PATRIOT PATRIOT 1920/11/01  1927/12   'M' Class destroyer
CHAMPLAIN TORBAY  1928/03/01  1936/11/25  'S' Class destroyer 
VANCOUVER TOREADOR  1928/03/01  1936/11/25  'S' Class destroyer 

Originally, Captain H.B. Jackson of the Royal Navy wanted to develop an IFF system to distinguish friend or foe torpedo boats. In 1895, he constructed his first wireless set which was able to communicate from one end of the ship to the other!  Marconi’s equipment was better than his, however when Marconi approached the Admiralty, they rejected his apparatus because the lease terms were not good.

Jackson continued to experiment with radios which the Admiralty designated as “service sets”.  It was a leapfrog of improvements between Jackson and Marconi equipment.  By 1901 some ships were equipped with service sets, while others had Marconi equipment.  In reference to the first ships purchased from the Royal Navy by the RCN, it is not known if these vessels were fitted with Jackson’s service sets or (British) Marconi   gear.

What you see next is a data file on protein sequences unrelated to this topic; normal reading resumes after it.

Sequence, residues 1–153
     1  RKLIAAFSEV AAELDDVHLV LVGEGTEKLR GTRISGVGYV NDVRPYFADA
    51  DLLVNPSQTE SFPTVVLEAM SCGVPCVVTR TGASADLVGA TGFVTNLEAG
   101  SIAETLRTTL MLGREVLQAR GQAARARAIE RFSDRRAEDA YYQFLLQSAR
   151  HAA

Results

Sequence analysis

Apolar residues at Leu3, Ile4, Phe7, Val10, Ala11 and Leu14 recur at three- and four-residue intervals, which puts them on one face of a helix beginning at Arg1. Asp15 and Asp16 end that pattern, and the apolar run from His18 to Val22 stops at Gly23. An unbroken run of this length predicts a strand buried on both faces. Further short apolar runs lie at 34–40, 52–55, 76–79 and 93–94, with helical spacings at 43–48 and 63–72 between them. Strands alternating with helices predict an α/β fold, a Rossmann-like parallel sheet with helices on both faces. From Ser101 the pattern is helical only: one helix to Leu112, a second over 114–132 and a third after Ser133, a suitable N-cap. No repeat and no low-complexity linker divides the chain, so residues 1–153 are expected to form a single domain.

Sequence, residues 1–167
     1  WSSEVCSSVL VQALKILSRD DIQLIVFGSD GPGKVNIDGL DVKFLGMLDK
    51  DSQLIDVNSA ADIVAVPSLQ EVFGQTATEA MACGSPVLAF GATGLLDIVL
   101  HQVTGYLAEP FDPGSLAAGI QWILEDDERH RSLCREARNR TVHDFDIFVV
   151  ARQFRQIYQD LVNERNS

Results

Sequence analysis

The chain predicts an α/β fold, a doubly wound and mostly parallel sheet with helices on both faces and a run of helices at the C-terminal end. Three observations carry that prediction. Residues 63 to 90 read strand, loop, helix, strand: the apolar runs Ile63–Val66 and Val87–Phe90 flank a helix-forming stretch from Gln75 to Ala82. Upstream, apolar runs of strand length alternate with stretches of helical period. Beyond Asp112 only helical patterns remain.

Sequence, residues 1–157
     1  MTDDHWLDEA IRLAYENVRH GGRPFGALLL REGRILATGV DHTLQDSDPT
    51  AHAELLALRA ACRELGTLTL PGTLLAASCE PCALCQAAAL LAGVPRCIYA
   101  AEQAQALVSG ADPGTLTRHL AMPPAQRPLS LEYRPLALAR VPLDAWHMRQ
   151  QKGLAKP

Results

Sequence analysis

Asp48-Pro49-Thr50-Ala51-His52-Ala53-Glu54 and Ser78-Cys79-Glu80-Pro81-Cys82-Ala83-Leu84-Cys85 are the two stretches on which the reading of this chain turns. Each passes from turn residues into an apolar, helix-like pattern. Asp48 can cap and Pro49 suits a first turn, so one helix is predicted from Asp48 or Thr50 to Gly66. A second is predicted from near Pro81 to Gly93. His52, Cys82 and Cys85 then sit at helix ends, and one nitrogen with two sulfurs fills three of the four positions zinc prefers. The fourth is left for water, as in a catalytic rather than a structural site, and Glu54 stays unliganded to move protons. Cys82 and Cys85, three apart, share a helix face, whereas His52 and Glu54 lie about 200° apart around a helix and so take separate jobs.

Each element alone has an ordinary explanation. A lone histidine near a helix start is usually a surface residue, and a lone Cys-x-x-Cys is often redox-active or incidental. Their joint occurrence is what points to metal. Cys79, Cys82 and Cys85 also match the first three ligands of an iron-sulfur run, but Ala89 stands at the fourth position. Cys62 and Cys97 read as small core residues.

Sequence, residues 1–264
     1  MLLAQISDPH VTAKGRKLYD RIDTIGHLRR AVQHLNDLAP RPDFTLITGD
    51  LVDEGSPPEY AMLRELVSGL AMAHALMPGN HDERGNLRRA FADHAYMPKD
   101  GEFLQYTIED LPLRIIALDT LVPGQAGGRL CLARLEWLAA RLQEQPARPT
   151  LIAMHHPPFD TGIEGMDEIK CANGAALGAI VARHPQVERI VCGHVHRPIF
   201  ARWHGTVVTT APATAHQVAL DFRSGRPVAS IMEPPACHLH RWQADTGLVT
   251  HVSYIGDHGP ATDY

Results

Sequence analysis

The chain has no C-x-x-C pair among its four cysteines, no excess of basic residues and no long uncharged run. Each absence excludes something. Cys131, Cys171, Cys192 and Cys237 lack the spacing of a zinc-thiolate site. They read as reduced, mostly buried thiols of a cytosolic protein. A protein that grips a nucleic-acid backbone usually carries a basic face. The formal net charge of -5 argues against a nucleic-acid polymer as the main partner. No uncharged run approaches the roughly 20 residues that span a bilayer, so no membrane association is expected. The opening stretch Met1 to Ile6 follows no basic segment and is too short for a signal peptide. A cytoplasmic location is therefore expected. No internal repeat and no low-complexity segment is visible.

The naval radio operators were called Warrant Officer Telegraphist during WWI and held commercial certificates. George Harris was the Warrant Officer Telegraphist in HMCS NIOBE. After the war he was in charge of all the radio stations and radio licencing up until after WWII. Amateur radio licences were issued by  George as well.

Of the 13 ships on strength in 1939, six of them were destroyers. They are shown in the table below.

SAGUENAY   H01  --- 1931/05/22 Saguenay Class Destroyer (1928)
SKEENA         H03  --- 1931/06/10 'Saguenay Class Destroyer (1928) 
FRASER   H48 CRESCENT  1937/02/17 'C' Class Destroyer
OTTAWA  H60 CRUSADER  1938/06/15 'C' Class Destroyer
ST. LAURENT  H83 CYGNET  1937/02/17 'C' Class Destroyer
RESTIGOUCHE   H00 COMET  1938/06/15 'C' Class Destroyer